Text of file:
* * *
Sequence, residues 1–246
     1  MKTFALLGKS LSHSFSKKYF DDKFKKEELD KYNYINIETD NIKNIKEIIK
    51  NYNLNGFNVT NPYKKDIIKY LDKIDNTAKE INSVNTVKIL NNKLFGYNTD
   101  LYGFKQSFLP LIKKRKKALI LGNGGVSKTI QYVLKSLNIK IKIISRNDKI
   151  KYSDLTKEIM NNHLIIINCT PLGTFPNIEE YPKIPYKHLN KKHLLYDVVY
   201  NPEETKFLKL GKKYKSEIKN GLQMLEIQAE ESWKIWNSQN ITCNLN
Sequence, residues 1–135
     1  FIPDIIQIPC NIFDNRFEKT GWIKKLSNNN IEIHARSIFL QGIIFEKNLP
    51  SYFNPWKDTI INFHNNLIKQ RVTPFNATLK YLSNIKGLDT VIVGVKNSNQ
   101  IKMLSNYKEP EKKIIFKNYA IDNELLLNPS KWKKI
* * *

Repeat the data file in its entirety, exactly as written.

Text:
Sequence, residues 1–246
     1  MKTFALLGKS LSHSFSKKYF DDKFKKEELD KYNYINIETD NIKNIKEIIK
    51  NYNLNGFNVT NPYKKDIIKY LDKIDNTAKE INSVNTVKIL NNKLFGYNTD
   101  LYGFKQSFLP LIKKRKKALI LGNGGVSKTI QYVLKSLNIK IKIISRNDKI
   151  KYSDLTKEIM NNHLIIINCT PLGTFPNIEE YPKIPYKHLN KKHLLYDVVY
   201  NPEETKFLKL GKKYKSEIKN GLQMLEIQAE ESWKIWNSQN ITCNLN
Sequence, residues 1–135
     1  FIPDIIQIPC NIFDNRFEKT GWIKKLSNNN IEIHARSIFL QGIIFEKNLP
    51  SYFNPWKDTI INFHNNLIKQ RVTPFNATLK YLSNIKGLDT VIVGVKNSNQ
   101  IKMLSNYKEP EKKIIFKNYA IDNELLLNPS KWKKI